The name of Pylos conjures up memories of the Mycenaean hero Nestor and the more recent naval battle of Navarino; but it also offers the attraction of one of the most beautiful spots in Greece, Navarino Bay.
Navarino Bay - the name is a corruption of the Byzantine name Ton Avarinon ("of the Avars" - referring to the Slav invaders of Greece) - is the only large natural harbor on the west coast of the Peloponnese. It is enclosed on the seaward side by the island of Sfaktiría, a huge rocky barrier 4.6 km/3 mi long rising to a height of 135m/443ft. The main entrance to the bay, at the south end, is wide, but is constricted by the islet of Pylos and a number of small reefs. The entrance at the north end is the strait of Sykia, only 100m/110yd wide and much silted up, which runs between Sfaktiría and the 250m/820ft high hill of Koryfásion, below which is the Osman Aga lagoon.The Mycenaean kingdom of Pylos was conquered by Neleus, and thereafter was ruled by his youngest son, Nestor. In 1939 Carl Blegen discovered at Epáno Englianós a site belonging to that period.In the seventh-sixth century B.C. a Dorian settlement named Pylos was established on Mt Koryfásion, at the north end of the bay. In 425 B.C., during the Peloponnesian War, the town was occupied by the Athenians, who also captured the island of Sphakteria (Sfaktiría) and took its Spartan defenders prisoner.In the A.D. 13th century a Crusading knight, Nicolas de Saint-Omer, built a castle here (Palaiókastro, the "Old Castle"), which was later successively held by Venetians and Turks. In 1573 the Turks built a new castle (Neókastro) on the hill of Áyios Nikólaos at the south end of the bay, and in 1825, during the war of Greek independence, Ibrahim Pasha made this his headquarters during his Peloponnesian campaign.Buses from Kalamáta and Athens.
Pylos Town, Greece
The present-day town of Pylos grew up at the foot of the hill of Áyios Nikólaos, on a site which had not been occupied in ancient times. Its most notable features are the arcaded houses in the main square and the wide-spreading old plane-tree which gives shade to the square and the patrons of its coffee-houses and tavernas. The square is called the Platía ton Trión Navárkhon (Square of the Three Admirals) after the three commanders of the victorious allied fleet in the battle of Navarino - the British Admiral Sir Edward Codrington, the French Admiral de Rigny and the Russian Count von Heyden - who are also commemorated by a monument on one side of the square. There are relics of the battle in the small Museum (on the way up to the castle), which also contains some very fine antiquities (pottery, gold jewellery).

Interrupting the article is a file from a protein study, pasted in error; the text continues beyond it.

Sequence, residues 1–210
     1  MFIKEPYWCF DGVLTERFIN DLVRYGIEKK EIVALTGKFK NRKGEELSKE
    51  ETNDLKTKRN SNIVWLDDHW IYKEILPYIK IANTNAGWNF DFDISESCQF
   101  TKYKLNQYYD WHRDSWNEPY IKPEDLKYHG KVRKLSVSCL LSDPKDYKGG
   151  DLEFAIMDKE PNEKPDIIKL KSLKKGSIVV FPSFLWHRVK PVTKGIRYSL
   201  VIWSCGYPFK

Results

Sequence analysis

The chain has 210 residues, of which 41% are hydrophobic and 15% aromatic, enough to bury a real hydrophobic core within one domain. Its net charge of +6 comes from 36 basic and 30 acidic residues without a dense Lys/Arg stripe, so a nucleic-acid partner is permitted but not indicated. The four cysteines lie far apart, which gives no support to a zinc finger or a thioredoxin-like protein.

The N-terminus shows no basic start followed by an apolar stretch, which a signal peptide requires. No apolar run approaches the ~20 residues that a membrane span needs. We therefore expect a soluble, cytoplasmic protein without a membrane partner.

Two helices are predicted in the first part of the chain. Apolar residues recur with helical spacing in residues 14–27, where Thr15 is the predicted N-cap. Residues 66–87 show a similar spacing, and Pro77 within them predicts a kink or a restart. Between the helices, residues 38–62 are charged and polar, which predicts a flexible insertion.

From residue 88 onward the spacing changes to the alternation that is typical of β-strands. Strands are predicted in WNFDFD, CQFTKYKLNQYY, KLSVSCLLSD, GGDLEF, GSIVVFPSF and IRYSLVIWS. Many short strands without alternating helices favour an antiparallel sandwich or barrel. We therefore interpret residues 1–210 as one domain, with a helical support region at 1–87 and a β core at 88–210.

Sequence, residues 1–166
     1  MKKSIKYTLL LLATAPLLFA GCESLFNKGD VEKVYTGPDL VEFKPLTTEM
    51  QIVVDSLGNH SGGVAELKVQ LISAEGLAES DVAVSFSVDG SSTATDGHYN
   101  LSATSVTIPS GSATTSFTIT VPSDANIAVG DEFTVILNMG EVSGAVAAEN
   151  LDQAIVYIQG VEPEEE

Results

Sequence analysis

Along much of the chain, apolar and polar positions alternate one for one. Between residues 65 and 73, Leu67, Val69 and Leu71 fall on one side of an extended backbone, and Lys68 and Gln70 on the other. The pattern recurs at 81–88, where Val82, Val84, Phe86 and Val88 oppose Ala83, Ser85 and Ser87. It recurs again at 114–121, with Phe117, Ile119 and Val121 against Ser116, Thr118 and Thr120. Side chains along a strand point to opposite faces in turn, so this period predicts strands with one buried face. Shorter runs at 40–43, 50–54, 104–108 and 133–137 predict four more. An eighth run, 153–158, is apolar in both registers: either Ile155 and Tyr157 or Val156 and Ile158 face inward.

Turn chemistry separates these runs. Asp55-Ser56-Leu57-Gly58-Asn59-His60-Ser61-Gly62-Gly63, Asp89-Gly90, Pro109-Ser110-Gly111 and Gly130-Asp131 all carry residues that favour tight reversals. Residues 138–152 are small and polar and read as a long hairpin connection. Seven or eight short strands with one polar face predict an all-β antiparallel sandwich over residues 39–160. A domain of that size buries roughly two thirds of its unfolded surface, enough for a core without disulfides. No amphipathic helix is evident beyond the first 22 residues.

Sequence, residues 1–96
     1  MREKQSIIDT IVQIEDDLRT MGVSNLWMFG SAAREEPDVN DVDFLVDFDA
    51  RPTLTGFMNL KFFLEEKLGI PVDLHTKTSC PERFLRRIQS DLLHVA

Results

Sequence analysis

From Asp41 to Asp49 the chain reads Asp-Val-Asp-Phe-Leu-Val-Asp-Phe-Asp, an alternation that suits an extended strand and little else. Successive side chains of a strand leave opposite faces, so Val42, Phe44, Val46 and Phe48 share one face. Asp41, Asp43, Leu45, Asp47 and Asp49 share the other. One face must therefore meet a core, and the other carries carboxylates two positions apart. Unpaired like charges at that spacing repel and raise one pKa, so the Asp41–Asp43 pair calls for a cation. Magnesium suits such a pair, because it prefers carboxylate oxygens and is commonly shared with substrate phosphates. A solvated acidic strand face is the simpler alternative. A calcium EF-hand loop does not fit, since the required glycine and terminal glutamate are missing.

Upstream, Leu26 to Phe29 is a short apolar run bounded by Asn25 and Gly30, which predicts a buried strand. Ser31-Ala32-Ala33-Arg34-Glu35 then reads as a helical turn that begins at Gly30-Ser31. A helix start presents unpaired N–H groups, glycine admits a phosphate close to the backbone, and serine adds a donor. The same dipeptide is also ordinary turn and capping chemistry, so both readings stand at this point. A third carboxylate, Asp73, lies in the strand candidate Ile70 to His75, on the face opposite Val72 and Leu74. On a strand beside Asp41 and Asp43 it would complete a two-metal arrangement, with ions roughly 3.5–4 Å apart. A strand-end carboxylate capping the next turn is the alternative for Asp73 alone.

Navarino Bay - Remains of Battle of Navarino
The allied fleet sailed into Navarino Bay on October 20th 1827 to make a show of strength, but a shot fired by the Turkish and Egyptian fleet sparked off a battle which had not been intended by the allied governments and which ended in the destruction of 58 out of the 87 Turkish vessels. Their remains can be seen lying on the bottom of the bay when the sea is calm. The battle gave a decisive new impulse to the Greek war of liberation.There are three monuments to those who fell in the battle - a British one on Khelonáki ("Tortoise Island") in the middle of the bay, a Russian one on the island of Sfaktiría and a French one on the islet of Pylos, to the south.
Sfaktiría - Panagoúla
A motorboat can be taken from Pylos to the island of Sfaktiría. Above the landing-stage at Panagoúla is the monument to the Russian sailors who died in the battle of Navarino, with a chapel which was restored some years ago by the Soviet Union.
Nine km/6mi northwest of Pylos is Mt Koryfásion (30minutes' climb), with the ruins of a medieval castle built on ancient foundations. On the north side of the hill is the "Cave of Neleus"; at the foot is the site of the Mycenaean harbor.
The Palace of Nestor is not fortified like many other Mycenaean palaces. The remains found here date to between 1300 and 1250 B.C.
The Antonopouleion Museum of Pylos contains the archaeological finds from the area of Pylos. On display are pottery, sculptures, metal objects, weapons, tools and jewelry.
Opening hours: 8:30am-3pm; Closed: Mon
Always opened on: Assumption Day - Christian (Aug 15), Óhi Day - Greece & Cyprus (Oct 28)
Entrance fee in EUR: Adult €2.00, Concession or reduced rate €1.00, Students from EU FREE, Child 18 & under FREE
Useful tips: Admission is free on Sundays between November and March.